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COVID-19 Update

  • Category: News
  • Posted On:
  • Written By: Laura Florez-McCusker

Here is the latest on what you can do to protect yourself from COVID-19, what we are doing at Kaweah Health to keep patients safe, and other related activities in Tulare County. Get information on masks, testing, prevention and more.


This afternoon, Gov. Gavin Newsom declared a State of Emergency to make additional resources available to help make supplies and resources available to prevent the spread of COVID19.


There remains no evidence of an infection of COVID-19 in Tulare County, according to the Tulare County Health and Human Services Agency. For updates from TCHHSA on the number of individuals in the county being self monitored, click HERE (site updated two times a week). Hospitals in the area continue to be vigilant with infection prevention and testing, when indicated. The county has the ability to test locally; test results are typically available within 24-48.

Kaweah Heath

Although the risk remains low in Tulare County, we continue our work to prevent and prepare for a local exposure of COVID-19. We highly encourage our staff, patients, visitors, and community to, “think flu first” when experiencing any symptoms associated with COVID-19 such as fever, cough, and shortness of breath. However, call your doctor if you develop symptoms, and have been in close contact with a person known to have COVID-19 or have recently traveled from an area with widespread or ongoing community spread of COVID-19.

Face Masks

Again, we remind our community that face masks are not recommended for people who are well and that we are issuing them only to patients. Face masks should be used by people who show symptoms of COVID-19 (above) to help prevent the spread of the disease to others. This ensures that we have enough supply for our patients as evidence indicates that most people who are not sick do not need to wear them.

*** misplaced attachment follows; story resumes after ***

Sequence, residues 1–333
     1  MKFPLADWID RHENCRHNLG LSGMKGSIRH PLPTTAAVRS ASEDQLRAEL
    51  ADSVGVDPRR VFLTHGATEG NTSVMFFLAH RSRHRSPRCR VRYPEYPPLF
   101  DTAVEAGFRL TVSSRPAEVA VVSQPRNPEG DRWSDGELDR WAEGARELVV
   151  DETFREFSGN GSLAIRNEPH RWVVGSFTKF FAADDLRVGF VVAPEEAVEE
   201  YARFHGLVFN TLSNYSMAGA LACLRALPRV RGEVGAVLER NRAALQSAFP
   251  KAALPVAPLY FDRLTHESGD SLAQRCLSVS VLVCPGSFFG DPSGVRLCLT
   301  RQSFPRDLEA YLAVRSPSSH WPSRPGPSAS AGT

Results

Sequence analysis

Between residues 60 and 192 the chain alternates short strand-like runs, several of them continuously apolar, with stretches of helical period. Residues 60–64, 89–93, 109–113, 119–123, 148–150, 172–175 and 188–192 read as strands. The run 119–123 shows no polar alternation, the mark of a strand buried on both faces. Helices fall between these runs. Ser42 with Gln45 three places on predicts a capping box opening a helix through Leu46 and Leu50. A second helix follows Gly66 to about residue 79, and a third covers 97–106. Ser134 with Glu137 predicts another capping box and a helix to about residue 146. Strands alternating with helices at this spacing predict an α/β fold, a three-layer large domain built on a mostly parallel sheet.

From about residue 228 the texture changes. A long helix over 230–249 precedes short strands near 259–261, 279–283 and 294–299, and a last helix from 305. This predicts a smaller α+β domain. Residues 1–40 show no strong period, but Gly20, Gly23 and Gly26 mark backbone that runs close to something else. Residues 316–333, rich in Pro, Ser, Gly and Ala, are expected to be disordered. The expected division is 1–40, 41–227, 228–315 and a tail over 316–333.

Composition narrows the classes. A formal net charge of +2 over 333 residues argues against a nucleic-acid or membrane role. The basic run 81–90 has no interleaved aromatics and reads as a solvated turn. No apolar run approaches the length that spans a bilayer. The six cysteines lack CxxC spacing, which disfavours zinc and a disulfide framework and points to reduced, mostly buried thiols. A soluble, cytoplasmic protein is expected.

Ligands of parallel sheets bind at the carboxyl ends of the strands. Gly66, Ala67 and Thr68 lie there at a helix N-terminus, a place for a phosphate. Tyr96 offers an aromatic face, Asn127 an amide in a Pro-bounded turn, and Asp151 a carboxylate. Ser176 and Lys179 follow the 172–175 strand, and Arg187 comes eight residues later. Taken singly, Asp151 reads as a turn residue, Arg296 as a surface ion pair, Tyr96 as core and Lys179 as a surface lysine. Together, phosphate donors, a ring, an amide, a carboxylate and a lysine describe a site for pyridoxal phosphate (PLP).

There has also been talk about N95 respirator masks, which are important to healthcare workers in a hospital setting, but not to the general community. While they prevent germs from entering the airways of healthy people, they must be fitted to the healthcare workers’ face to ensure a good seal and protection. When masks and N95 Respirators (masks) are used inappropriately, healthcare workers and patients are at risk for contracting and spreading disease.

We are encourage you to follow the Center for Disease Control & Prevention’s preventive actions:

  • Avoid close contact with people who are sick.
  • Avoid touching your eyes, nose, and mouth.
  • Stay home when you are sick.
  • Cover your cough or sneeze with a tissue, then throw the tissue in the trash.
  • Clean and disinfect frequently touched objects and surfaces using a regular household cleaning spray or wipe.
  • Wash your hands often with soap and water for at least 20 seconds, especially after going to the bathroom; before eating; and after blowing your nose, coughing, or sneezing.
    • If soap and water are not readily available, use an alcohol-based hand sanitizer with at least 60% alcohol. Always wash hands with soap and water if hands are visibly dirty.

We will continue to provide updates on COVID-19 activities as we know more.